Sigh. Okay. I’ll try it. The ingredient list does seem to contain naturally occurring stuff. It then follows, that stuff shouldn’t harm the environment. Effectiveness … it didn’t actually spell out exactly what that means, although the main part of the label did say “Mosquito Repellant”. Shame on me for assuming. It performed the exact opposite task of what I had hoped and our local mosquito population wishes to profusely thank the manufacturer.

I seldom need mosquito goop as, over the years, I have developed an effective method of keeping the biting monsters away from my delicate skin. My Gorgeous Insect and Nuisance Interface (I call her “GINI”) contains a unique combination of pheromones and sweetness which is irresistible to irritating critters small and large. Indispensible for my forays into the outdoors, GINI is also quite capable of disarming boorish creatures of the social persuasion. My overall health and well-being are better as a result.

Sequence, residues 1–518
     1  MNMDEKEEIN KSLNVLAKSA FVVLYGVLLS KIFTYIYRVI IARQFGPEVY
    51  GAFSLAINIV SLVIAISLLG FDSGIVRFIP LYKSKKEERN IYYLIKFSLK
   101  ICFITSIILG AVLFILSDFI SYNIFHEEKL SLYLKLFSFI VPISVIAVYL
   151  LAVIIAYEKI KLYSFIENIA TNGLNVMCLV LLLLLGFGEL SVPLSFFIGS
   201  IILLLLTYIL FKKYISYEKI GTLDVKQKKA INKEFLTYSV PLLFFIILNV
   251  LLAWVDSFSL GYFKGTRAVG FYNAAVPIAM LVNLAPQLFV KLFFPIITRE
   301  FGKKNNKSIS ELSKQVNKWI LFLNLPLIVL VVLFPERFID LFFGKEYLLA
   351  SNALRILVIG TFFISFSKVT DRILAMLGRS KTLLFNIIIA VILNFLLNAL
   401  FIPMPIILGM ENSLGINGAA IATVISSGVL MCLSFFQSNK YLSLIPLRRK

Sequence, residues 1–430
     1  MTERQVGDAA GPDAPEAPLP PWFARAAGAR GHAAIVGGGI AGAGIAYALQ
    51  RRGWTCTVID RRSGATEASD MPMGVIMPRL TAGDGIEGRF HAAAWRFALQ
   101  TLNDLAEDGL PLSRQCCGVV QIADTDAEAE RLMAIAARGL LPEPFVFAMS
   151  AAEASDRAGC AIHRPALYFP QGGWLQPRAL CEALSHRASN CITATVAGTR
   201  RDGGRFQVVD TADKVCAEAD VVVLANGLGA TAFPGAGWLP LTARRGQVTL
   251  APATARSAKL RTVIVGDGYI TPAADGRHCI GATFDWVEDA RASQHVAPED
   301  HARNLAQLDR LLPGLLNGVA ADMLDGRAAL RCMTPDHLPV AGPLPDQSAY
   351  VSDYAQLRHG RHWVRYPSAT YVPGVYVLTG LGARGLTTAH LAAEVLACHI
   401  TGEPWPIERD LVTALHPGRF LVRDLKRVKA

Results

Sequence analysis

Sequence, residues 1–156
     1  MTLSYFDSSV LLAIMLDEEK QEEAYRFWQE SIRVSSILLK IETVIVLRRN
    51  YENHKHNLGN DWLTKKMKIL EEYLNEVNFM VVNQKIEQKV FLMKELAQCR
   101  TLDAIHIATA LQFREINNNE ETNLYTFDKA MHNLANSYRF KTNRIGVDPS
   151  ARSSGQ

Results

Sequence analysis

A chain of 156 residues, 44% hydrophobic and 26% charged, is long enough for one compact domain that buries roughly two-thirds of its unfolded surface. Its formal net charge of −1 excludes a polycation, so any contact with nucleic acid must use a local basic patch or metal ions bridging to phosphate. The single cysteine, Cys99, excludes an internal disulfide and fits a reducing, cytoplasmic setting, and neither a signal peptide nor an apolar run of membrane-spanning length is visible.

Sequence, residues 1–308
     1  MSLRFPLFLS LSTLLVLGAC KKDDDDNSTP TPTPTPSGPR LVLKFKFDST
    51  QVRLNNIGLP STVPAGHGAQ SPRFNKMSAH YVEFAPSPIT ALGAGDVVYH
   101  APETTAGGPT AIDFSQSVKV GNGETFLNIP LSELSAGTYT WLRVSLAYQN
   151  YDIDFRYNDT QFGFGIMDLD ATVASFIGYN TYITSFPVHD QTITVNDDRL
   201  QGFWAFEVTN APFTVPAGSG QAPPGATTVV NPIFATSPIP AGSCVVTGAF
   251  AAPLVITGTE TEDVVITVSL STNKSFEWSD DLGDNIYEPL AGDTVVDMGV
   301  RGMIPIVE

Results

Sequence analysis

So it was, with my GINI safely by my side providing vital defense duty, we entered the vastness of The Green Swamp. Mention “swamp” and images of dark water, green ooze, quicksand, eerie sounds and dangerous creatures are conjured in the minds of most people. And they would be correct. A swamp is so much more, though!

In the case of The Green Swamp in central Florida, we’re talking about 870 square miles of territory, second in size (swamply speaking) only to the massive Everglades, covering over 4,300 square miles in south Florida. We can be in the Green Swamp within fifteen minutes of leaving the house. Underneath this massive area is a large plateau of limestone which forms the Florida aquifer. A multitude of springs flows from the aquifer and provides a base for five of the state’s major rivers:  the Hillsborough, Kissimmee, Oklawaha, Peace and Withlacoochee.